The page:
It's a good thing Marshawn Lynch didn't play for the Oakland Raiders last season, because if he had protested the national anthem in 2016, that might have put him at odds with coach Jack Del Rio. 

After Colin Kaepernick's protest first went public in August 2016, Del Rio was asked his thoughts about Kaepernick's decision to sit down during the national anthem. At the time, Del Rio made it clear that he didn't want any of his players protesting unless they were planning to do it on their own time

"In America, as individuals, we all have freedoms, and that's one of the things that makes our country great," Del Rio said in August 2016, via the San Jose Mercury News. "For us, I think it's more about recognizing that you're part of an organization. You're representing our organization, and our organization believes that you should pay respect to the flag. Save those individual decisions to express yourself for an individual forum."

Despite the ongoing protest, Del Rio expected his team to stand for the national anthem during games. 

"You stand attention. You pay respect to our flag, our country," Del Rio said. "That's always been kind of an assumed thing."

Raiders owner Mark Davis also said that he'd prefer that his players don't protest while they're in uniform

"The Raiders have always stood for diversity and rights," Davis told in 2016. "But I just don't think they should protest while in uniform. This is not a police state. If there was an issue, come talk to me. Hell, I may go and stand up there with them."

Although the Raiders didn't have any players sit for the national anthem in 2016, they did have two players -- Malcolm Smith and Bruce Irvin -- who protested by holding their fist up. Even that small protest didn't sit well with Del Rio, but that was mainly because the players never told him they were going to do it. 

"I would've hoped … that it would've been brought up ahead of time so we could be all involved in one thing or another," Del Rio said in September 2016, via the San Jose Mercury News. "As I said earlier when this whole thing started, I respect everybody's opinion to express themselves. That's what we have as Americans, we have that right. I would just like to see us as a team do things together and united."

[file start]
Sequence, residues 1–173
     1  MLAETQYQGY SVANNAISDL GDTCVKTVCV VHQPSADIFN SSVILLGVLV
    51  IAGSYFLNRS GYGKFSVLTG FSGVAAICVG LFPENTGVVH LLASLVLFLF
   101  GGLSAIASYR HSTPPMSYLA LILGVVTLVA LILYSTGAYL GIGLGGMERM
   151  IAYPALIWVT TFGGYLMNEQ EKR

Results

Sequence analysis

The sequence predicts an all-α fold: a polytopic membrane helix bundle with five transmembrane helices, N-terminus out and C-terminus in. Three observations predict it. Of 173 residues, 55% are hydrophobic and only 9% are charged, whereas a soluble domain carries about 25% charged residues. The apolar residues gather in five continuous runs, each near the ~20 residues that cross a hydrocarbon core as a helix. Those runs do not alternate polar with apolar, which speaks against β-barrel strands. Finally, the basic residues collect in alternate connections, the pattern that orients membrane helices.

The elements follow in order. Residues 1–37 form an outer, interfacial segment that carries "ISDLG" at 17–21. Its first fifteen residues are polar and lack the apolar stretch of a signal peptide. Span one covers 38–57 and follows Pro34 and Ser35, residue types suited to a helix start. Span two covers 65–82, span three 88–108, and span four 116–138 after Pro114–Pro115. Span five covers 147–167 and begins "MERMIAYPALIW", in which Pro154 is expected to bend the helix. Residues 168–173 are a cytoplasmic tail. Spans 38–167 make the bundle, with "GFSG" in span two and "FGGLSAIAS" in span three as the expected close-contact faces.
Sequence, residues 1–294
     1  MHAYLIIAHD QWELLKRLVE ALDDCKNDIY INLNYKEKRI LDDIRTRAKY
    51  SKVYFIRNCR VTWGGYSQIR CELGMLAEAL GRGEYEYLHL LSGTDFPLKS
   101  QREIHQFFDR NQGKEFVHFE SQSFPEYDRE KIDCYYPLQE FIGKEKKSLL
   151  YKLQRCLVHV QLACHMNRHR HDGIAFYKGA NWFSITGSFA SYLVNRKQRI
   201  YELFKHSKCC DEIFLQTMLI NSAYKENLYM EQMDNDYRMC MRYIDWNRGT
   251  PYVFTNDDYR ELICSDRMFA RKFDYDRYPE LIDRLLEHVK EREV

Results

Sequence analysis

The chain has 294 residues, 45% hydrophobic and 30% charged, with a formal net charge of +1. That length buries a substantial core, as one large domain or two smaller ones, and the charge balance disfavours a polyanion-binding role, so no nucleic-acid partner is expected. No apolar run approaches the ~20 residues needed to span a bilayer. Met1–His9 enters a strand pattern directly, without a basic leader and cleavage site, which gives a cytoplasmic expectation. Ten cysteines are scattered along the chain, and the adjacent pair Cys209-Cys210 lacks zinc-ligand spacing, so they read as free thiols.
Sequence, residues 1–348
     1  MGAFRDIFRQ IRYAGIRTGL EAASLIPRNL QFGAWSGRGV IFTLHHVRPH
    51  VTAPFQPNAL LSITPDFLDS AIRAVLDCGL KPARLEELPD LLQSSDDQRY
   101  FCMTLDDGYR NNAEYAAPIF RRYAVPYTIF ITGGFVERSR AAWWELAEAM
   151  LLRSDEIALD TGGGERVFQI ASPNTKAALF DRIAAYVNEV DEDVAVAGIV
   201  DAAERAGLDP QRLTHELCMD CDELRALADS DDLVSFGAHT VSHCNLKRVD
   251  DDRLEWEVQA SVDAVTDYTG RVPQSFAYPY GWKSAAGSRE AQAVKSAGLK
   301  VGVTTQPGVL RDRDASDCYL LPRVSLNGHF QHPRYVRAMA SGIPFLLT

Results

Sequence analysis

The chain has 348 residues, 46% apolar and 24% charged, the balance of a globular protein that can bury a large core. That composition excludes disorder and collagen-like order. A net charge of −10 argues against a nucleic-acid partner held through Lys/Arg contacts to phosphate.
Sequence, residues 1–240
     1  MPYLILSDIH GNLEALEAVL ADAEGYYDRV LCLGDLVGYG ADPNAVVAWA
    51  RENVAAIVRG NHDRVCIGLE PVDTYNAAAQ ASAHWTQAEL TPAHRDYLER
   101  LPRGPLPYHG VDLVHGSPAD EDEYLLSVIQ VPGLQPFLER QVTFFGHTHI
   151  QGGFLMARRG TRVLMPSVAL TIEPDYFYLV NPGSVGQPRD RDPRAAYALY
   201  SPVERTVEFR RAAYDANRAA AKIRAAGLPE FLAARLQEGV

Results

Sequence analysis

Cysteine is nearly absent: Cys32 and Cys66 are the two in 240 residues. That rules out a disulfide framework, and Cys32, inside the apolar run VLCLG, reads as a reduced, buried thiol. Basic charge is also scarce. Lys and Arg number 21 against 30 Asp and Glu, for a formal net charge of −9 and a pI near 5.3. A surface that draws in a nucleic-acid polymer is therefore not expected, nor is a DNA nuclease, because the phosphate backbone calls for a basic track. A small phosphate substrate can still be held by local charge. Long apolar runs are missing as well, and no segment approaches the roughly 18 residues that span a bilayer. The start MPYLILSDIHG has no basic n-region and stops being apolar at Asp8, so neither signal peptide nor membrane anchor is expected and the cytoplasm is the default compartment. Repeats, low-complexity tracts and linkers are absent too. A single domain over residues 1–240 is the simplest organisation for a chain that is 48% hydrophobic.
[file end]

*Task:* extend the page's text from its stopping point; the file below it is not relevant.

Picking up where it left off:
Lynch definitely wasn't united with the team on Saturday. The new Raiders running back was the only player on the roster who sat during the national anthem. Although it went against his beliefs, Del Rio didn't make a big deal out of it after the game because he wanted to "respect" Lynch as a man. 

"He said, 'This is something I've done for 11 years. It's not a form of anything other than me being myself,'" Del Rio said. "I said, 'Just so you understand how I feel, I very strongly believe in standing for the national anthem, but I'm going to respect you as a man. You do your thing, OK?' So that's a non-issue for me."

Although it's not an issue now, it will be interesting to see if it becomes one in Oakland, especially if Del Rio has to answer questions about Lynch every week because Beast Mode won't talk to the media himself. That will leave the Raiders coach defending Lynch, even though he doesn't necessarily agree with what he's doing.